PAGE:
While I will agree that they could probably do more to get things going, you have to consider that as of 6 days ago, ” 90.3 percent of the island’s 2,671 cellular sites were not functioning.”.. Which means that, considering Verizon has NO cell towers down there (Verizon customers run off of Claro towers), that it means that Claro does not have many towers down there.. Being one of 4 carriers, it they had as much stake in towers as the rest of them, that number would be at least 25% working if he did..

      Plus, the main carriers are probably still dealing with the aftermath of the damage in Florida, which Claro does not have to deal with.. That would leave the main carriers even more short handed..

      Add in “Puerto Rico Electric Power Authority reported that nearly 100 percent of its customers were still without power”.. It makes it much harder to get things working, when there is no power.. and you can not run cell towers off of generators indefinitely.. I bet that once the electric company starts getting power on, things will start coming up much faster..

      • Ian L says:

        Correction to the correction: Deutsche Telekom isn’t owned by Softbank.

        Claro does appear to be a legitimately solid mobile carrier though, and not just in PR. Family used their Nicaragua branch when in that country on a mission trip. H+ rather than LTE where they were, but that could’ve just as easily been due to phone limitations rather than anything on the network.

        I also find it interesting that Claro (CDMA, I assume, since Verizon roams on it) wasn’t getting picked up by Sprint roamers. That said, Sprint would need to push a new PRL to allow roaming on Claro if they didn’t have it before, and you can’t push a PRL from your own network when your own network is down.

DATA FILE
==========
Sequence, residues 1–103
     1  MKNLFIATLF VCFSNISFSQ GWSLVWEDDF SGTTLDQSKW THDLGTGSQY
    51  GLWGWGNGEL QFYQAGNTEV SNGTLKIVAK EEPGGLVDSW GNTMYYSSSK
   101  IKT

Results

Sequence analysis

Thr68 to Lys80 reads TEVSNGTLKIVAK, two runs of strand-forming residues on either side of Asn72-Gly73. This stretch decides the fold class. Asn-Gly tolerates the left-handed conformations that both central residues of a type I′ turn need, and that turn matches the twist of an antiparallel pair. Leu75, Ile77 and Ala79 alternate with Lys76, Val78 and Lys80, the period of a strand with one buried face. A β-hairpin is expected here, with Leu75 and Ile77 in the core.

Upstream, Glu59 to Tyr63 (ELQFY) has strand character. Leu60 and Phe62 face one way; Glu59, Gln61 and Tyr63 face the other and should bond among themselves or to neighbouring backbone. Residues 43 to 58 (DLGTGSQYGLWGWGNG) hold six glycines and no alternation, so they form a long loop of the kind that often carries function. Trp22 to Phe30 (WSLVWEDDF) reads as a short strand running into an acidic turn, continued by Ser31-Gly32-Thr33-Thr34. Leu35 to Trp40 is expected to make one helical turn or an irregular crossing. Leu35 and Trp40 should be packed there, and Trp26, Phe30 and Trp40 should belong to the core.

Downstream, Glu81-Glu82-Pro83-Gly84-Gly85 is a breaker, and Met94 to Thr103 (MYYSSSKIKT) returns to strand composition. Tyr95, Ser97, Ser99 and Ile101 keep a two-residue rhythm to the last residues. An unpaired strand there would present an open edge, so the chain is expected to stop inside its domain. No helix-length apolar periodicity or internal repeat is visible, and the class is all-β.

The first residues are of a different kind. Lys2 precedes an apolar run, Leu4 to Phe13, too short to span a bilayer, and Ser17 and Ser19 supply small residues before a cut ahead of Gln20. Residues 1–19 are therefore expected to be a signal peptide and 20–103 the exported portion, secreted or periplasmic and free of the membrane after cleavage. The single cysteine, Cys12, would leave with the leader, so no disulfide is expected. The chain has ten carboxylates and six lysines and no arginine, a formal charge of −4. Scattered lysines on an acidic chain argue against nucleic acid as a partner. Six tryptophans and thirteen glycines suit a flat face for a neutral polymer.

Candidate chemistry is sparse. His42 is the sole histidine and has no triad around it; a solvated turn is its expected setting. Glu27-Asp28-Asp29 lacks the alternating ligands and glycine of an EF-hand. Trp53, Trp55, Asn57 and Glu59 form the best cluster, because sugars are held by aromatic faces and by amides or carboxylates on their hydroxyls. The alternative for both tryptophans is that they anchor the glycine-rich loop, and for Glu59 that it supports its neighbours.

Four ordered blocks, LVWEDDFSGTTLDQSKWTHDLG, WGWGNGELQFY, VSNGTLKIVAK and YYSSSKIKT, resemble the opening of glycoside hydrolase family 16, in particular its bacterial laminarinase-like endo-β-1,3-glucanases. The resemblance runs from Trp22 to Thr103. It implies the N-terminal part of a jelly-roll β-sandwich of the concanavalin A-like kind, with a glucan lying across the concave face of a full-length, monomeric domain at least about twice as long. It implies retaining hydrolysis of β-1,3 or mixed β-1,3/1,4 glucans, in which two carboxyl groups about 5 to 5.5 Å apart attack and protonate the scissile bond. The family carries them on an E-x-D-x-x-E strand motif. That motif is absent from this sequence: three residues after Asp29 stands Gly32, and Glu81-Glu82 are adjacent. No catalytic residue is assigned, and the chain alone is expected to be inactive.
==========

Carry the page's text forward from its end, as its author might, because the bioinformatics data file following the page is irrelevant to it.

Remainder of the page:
• kaniki says:

          I found these comments.. “AT&T, T-Mobile, Claro, Sprint and Open Mobile are the main mobile service providers in Puerto Rico” “Verizon Wireless stores and towers are not in Puerto Rico, after having sold their towers to Claro in 2007.” “please keep in mind that Puerto Rico is part of the Extended Network, which means Verizon has agreements with other cell carriers in the area to allow Verizon customers to use for service.”

          I just looked up some new info, and it seems that part of the problem with the towers being down, is because of theft.. “Its crews are trying to get generators to cell sites though it said that stolen generators and fuel have made security a concern.” “After an effort was made to get the diesel, the drivers to transport it and the security measures to break through and carry fuel to the towers, they are stealing it and cutting the fiber.” There is also comments about theft of copper, among other things too.. They are denying that, but, if you are stealing generators, fuel, cutting fiber, etc.. You can not tell me no one is stealing copper too.

          “PREPA, the electric company on the island, has a massive $9 billion debt, as Vox’s Alexia Fernández Campbell has explained, and in July it defaulted on an interest payment.”

          I guess that explains why their electric grid is in such bad shape…

          You are right.. I found an article that said

          “Japan’s Softbank, which owns Sprint, and Deutsche Telekom, which owns 67 percent of T-Mobile, still have to negotiate on the details, including financing and the termination fee to be paid should the merger get blocked by regulators, the source familiar with the matter said.”

          I was probably in the middle of reading that sentence and the phone rang or something, and I missed the last half, leaving the first part.. “Japan’s Softbank, which owns Sprint, and Deutsche Telekom, which owns 67 percent of T-Mobile, “, which is where I got that.. It kind of did not make sense because I thought that it was a German company.. which it is..

  2. Ian L says:

    Just did a bit of research and apparently Claro switched their network to GSM/UMTS/LTE awhile back, away from CDMA, so roaming on Verizon stopped at that point. Verizon now roams on Open Mobile, which looks like it’ll merge with Sprint in areas that it serves at some point. Guess that explains why Sprint can’t roam on Claro. Surprised that neither AT&T nor T-Mobile have set up roaming with Claro while they get their own networks up…no wait, I’m not, because that would probably cost those carriers a boatload in roaming fees.